The Fort Smith region has witnessed its share of ups and downs over the years, and 2017 was no exception with plant closures, manufacturing expansions, job announcements, school announcements, city government PR nightmares, and continued growth in the downtown and Chaffee Crossing districts leading the way.
After reviewing the year’s headlines, Talk Business & Politics presents the top 10 stories of 2017.
10. U.S. Marshals Museum ‘lives within its means,’ stays on pace for 2019 opening
In October 2016, the United States Marshals Museum (USMM) announced Sept. 24, 2019 as opening day after several years of challenges. In 2017, it built momentum through more than $5 million in increased fundraising, bringing U.S. Rep. Trey Gowdy to speak on its behalf at a fundraising event April 20, and announcing design changes to reduce construction costs by more than 50%.
In October, nearly one year after the opening day announcement, CDI Contractors announced plans for a “virtual opening” in the first part of 2018, allowing visitors to “view” the museum as it will be in finished form through VR goggles from the site’s existing building pad. On the same day, USMM President and CEO Patrick Weeks told Talk Business & Politics the project’s planned $58.6 million budget allowed for a $25 million building, but when 2016 estimates came in, it had “priced itself out” at $33.8 million, prompting budget cuts “to make sure that we’re living within our means.” Weeks said the museum has $20.5 million more to raise, but the building is on pace to hit the September 2019 date, and it will keep its iconic star shape and be around 53,000 square feet between the walls.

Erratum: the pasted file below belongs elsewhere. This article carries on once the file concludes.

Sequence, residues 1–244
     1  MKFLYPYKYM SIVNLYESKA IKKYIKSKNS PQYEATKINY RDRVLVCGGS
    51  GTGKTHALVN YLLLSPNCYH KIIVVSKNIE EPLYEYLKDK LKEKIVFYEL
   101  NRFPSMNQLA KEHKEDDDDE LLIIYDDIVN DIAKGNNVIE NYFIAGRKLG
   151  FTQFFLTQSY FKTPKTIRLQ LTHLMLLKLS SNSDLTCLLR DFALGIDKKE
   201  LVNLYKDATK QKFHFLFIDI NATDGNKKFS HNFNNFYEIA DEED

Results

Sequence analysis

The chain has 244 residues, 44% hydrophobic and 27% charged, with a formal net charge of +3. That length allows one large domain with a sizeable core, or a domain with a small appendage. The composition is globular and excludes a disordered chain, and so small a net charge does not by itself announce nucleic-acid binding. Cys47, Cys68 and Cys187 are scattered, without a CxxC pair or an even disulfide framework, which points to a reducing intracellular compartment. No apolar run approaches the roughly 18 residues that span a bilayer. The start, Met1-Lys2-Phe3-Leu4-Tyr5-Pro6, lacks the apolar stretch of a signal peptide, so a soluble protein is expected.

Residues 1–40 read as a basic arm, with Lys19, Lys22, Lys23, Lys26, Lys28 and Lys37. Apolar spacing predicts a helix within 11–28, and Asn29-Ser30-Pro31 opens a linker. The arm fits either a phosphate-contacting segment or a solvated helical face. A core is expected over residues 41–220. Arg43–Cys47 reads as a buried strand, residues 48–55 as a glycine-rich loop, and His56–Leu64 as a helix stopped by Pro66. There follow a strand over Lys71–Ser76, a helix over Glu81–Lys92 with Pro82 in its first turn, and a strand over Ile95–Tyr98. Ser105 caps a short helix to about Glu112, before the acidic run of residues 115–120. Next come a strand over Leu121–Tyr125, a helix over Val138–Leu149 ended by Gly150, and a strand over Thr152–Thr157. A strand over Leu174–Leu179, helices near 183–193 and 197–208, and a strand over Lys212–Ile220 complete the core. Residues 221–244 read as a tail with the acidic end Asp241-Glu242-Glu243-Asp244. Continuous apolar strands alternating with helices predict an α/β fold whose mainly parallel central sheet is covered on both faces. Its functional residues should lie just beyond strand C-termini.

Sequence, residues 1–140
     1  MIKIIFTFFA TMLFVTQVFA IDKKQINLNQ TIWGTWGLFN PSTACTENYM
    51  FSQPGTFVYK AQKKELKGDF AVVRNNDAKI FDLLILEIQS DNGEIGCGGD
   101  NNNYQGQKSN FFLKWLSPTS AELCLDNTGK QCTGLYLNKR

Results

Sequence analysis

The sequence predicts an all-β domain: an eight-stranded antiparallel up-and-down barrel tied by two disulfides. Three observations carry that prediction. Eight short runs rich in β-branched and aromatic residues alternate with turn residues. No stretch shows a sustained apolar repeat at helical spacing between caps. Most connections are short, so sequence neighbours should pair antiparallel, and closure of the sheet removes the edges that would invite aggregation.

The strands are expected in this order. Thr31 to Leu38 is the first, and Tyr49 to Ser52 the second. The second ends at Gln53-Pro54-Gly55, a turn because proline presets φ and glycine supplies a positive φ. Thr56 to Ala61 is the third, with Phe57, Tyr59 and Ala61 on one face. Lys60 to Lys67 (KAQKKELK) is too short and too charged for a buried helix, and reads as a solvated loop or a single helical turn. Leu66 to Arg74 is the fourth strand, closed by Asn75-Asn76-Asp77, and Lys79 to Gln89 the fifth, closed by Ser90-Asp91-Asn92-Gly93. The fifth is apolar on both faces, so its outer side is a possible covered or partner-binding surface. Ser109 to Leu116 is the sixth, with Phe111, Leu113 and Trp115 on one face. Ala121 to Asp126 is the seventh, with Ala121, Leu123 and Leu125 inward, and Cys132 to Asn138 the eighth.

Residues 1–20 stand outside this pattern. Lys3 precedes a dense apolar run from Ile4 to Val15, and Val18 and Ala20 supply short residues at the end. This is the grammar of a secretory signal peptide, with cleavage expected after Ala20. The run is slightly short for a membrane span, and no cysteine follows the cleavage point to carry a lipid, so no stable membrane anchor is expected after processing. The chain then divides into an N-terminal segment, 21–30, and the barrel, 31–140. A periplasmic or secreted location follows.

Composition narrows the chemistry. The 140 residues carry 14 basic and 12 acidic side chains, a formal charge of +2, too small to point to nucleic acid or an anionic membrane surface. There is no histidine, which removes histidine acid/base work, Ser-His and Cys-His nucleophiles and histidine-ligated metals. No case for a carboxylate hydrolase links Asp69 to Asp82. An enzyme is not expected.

9. Fort Smith School Board hires superintendent, moves forward on ‘Vision 2023’ plan
After 12 years on the Fort Smith School Board and a turbulent 2015 and 2016 amid Southside High School’s Rebels mascot change controversy, former Board President Dr. Deanie Mehl stepped away from her post, leaving it to Fort Smith attorney Greg Magness, who took over in September.
One of the last acts Dr. Mehl helped bring to fruition was the hiring of Fort Smith Public Schools Superintendent Dr. Doug Brubaker, whose Vision 2023 plan rolled out in December to map out the next five years of growth and priorities for the district. Brubaker officially will complete his first year on Jan. 18. Over the course of 2017, his administration has continued the district’s committal to workforce development by engaging citizens and leaders of the business community on the Vision 2023 plan.
8. Phoenix Investors buys former Whirlpool plant
In February, Milwaukee, Wisc.-based Phoenix Investors — through Phoenix JCR Fort Smith Industrial Investors LLC – bought the 1.136 million square-foot former Whirlpool plant for $3.25 million. The company, which manages around 17 million square feet of commercial and industrial space in 22 states, plans to seek numerous tenants to operate out of the large space.
Phoenix Investors President and CEO David Marks told a crowd of about 60 people gathered for a change of ownership ceremony on April 20 that Fort Smith will be the fourth former Whirlpool plant the company has “repositioned for redevelopment.” He said the company has had success in finding new tenants for former Whirlpool plants in Illinois, Iowa, and Tennessee. That same day, Marks said Phoenix Investors would be planning to spend $10 million “in the next 6 to 9 months” to open and brighten the inside with white paint and new lighting.
7. Manufacturing ups and downs